Conopco Inc v. The Procter & Gamble Co., Case IPR2014-00506 (Dec. 10, 2014) (Paper 25)

Takeaway (1): The Board has broad discretion under 35 U.S.C. §§ 314(a) and 325(d) to reject “follow-on” petitions intended to correct deficiencies in a prior petition. In determining whether to institute a petition filed by a petitioner who filed a prior petition challenging the same patent, the Board can consider whether any prior art or arguments raised in the petition at issue were known or available to the petitioner at the time of filing the first petition.
Takeaway (2): When considering a request for rehearing, the Board reviews its decision for an abuse of discretion, which may arise if the decision is based on an erroneous interpretation of law, if a factual finding is not supported by substantial evidence, or if an unreasonable judgment is made in weighing relevant factors. The party requesting rehearing bears the burden of showing that the decision should be modified, and “ʻ[t]he request must specifically identify all matters the party believes the Board misapprehended or overlooked.’”

Takeaway (3): The members of the Board deciding an institution matter are not empowered to grant a request for panel expansion.

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Takeaway (1):

The Board has broad discretion under 35 U.S.C. §§ 314(a) and 325(d) to reject “follow-on” petitions intended to correct deficiencies in a prior petition. In determining whether to institute a petition filed by a petitioner who filed a prior petition challenging the same patent, the Board can consider whether any prior art or arguments raised in the petition at issue were known or available to the petitioner at the time of filing the first petition.

Takeaway (2):

When considering a request for rehearing, the Board reviews its decision for an abuse of discretion, which may arise if the decision is based on an erroneous interpretation of law, if a factual finding is not supported by substantial evidence, or if an unreasonable judgment is made in weighing relevant factors. The party requesting rehearing bears the burden of showing that the decision should be modified, and “ʻ[t]he request must specifically identify all matters the party believes the Board misapprehended or overlooked.’”

Takeaway (3):

The members of the Board deciding an institution matter are not empowered to grant a request for panel expansion.

Summary  (Informative) :

Petitioner Conopco dba Unilever (“Unilever”) challenged U.S. Patent No. 6,974,569 B2 (“the ’569 Patent”) in two separate IPR petitions, both of which were denied. Unilever requested a rehearing regarding the second denial. Unilever also requested an expanded panel that included the Chief Judge for the rehearing.

In rejecting Unilever’s argument that the Board lacked authority to deny the second petition, the Board pointed to the discretion granted to it under § 325 to reject petitions that raise “’the same or substantially the same prior art or argument previously [] presented to the Office.’” The Board also suggested that institution of IPR is discretionary, even if the petition establishes a reasonable likelihood of success with respect to at least one claim, citing 35 U.S.C. § 314(a).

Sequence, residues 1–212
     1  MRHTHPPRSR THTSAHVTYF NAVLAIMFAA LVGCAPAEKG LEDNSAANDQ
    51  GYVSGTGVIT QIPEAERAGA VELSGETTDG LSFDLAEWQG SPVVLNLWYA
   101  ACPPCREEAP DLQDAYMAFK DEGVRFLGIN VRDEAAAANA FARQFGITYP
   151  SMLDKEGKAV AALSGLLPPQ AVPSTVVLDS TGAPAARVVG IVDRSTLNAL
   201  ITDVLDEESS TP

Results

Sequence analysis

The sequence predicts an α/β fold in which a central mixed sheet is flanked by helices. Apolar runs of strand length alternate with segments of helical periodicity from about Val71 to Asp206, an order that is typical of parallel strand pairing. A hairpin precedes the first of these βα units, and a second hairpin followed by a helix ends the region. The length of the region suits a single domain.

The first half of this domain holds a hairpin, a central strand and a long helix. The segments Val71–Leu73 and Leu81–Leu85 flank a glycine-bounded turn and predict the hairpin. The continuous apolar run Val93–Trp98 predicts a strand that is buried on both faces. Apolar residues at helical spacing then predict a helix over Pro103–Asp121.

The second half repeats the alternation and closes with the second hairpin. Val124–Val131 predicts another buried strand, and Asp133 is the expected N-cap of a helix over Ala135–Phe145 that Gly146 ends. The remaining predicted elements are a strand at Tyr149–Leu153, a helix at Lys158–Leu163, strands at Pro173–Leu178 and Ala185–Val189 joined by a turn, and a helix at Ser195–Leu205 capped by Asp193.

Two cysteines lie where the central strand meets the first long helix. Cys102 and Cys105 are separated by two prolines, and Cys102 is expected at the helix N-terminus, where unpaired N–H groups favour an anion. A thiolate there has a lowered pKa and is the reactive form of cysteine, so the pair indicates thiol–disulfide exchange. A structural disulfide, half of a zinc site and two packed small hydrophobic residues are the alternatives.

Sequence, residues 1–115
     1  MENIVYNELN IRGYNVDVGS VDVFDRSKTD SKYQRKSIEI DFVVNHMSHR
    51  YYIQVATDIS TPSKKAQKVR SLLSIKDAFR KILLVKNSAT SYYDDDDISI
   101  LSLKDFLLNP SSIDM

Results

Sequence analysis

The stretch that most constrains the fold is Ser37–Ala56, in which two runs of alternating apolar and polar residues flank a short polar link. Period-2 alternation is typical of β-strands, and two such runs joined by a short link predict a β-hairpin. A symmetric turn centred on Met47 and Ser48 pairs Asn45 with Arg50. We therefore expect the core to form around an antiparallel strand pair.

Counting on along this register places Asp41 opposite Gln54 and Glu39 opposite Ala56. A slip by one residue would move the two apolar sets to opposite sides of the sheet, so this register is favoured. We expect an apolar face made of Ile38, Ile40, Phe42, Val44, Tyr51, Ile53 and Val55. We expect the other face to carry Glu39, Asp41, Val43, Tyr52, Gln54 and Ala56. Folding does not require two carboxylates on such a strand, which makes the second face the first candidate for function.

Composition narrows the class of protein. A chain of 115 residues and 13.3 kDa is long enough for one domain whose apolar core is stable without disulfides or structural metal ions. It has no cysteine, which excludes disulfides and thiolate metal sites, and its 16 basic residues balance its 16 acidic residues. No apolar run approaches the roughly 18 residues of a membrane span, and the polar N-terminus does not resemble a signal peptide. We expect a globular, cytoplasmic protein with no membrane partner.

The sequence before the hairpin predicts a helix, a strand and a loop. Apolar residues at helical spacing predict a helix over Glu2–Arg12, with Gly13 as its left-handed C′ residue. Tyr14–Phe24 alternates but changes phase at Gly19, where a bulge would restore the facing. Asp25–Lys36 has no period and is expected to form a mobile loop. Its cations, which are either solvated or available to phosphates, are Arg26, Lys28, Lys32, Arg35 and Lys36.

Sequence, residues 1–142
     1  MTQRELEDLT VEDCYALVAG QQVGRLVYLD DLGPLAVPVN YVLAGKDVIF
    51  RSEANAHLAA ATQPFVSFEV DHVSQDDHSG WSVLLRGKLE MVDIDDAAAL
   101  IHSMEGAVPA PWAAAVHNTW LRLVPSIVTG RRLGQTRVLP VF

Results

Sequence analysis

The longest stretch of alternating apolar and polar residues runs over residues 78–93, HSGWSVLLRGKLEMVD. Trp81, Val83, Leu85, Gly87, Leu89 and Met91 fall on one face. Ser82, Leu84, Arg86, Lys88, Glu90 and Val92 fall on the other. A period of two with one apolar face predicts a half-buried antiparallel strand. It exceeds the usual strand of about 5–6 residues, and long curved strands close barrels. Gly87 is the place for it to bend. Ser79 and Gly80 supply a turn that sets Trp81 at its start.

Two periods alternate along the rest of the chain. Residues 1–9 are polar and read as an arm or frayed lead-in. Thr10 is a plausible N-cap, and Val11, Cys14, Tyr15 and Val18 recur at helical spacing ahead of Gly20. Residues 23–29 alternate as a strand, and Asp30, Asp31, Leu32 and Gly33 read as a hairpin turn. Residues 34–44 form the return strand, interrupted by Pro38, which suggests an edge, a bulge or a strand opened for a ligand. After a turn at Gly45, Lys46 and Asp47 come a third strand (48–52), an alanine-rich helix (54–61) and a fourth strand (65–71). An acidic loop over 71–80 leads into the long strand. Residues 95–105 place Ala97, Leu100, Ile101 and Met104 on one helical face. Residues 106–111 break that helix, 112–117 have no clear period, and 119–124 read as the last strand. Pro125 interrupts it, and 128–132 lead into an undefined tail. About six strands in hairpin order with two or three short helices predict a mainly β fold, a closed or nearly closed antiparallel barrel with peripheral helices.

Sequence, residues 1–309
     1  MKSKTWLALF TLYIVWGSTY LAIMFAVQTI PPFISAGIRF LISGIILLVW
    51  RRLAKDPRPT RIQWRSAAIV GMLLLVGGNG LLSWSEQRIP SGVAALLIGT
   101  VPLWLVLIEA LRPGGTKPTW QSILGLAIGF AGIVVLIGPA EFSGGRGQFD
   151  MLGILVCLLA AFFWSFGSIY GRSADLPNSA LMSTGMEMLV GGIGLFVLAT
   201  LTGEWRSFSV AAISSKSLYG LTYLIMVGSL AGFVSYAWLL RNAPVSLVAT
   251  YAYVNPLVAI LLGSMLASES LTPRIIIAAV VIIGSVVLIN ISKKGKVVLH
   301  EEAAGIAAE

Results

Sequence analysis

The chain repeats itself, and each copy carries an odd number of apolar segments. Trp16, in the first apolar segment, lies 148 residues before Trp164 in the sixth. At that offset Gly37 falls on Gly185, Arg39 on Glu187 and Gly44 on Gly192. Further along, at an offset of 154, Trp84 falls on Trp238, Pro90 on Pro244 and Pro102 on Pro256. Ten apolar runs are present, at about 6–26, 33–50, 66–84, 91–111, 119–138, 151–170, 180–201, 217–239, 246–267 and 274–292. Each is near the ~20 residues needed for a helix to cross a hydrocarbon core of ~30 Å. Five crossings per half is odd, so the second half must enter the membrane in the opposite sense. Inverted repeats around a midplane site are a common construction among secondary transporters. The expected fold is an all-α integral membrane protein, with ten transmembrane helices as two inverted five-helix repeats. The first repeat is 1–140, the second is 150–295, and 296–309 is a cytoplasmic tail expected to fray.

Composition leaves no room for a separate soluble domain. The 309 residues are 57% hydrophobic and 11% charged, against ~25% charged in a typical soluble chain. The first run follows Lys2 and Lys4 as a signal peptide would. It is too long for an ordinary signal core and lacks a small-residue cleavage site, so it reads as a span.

The Board rejected Unilever’s argument that the Board improperly applied estoppel considerations. The Board concluded that Unilever did not articulate a rational basis for precluding the Board from considering whether Unilever could have advanced the positions set forth in its second petition in the first petition. The Board also suggested that it is within its discretion to reject “follow-on” petitions intended to correct deficiencies in a prior petition. The Board suggested that applying estoppel considerations would promote efficient use of the Board’s resources and to prevent abuse of the inter partes review process.

The Board rejected Unilever’s argument that the Board’s conclusion that the second petition raised substantially the same arguments that were previously presented in the first petition was erroneous.

The Board also rejected Unilever’s request for an expanded panel, stating that the panel is not empowered to grant a request for panel expansion. The Chief Judge may expand a panel on a “suggestion” from a judge or panel.

Josh Hoggard

About: Josh Hoggard

Josh’s practice focuses on patent preparation and prosecution, opinions, and counseling. Josh assists with preparing and prosecuting patent applications in a wide range of technologies, such as superabrasive and superhard materials, drill bits and bearing apparatuses used in oil and gas exploration drilling systems, medical devices, and various other mechanical and electro-mechanical technologies. Josh also assists with intellectual property litigation and pre-litigation counseling.

Clint Conner

About: Clint Conner

Clint’s practice focuses on intellectual property with an emphasis on patent litigation, inter partes reviews, and patent enforcement strategies. Although he has remained focused on U.S. intellectual property law throughout his career, he brings an international perspective, having spent nearly five years representing companies in U.S. patent litigation while living and working in Tokyo. Before attending law school, Clint was an engineer for three years with Lucent Technologies’ Bell Labs (now Alcatel-Lucent).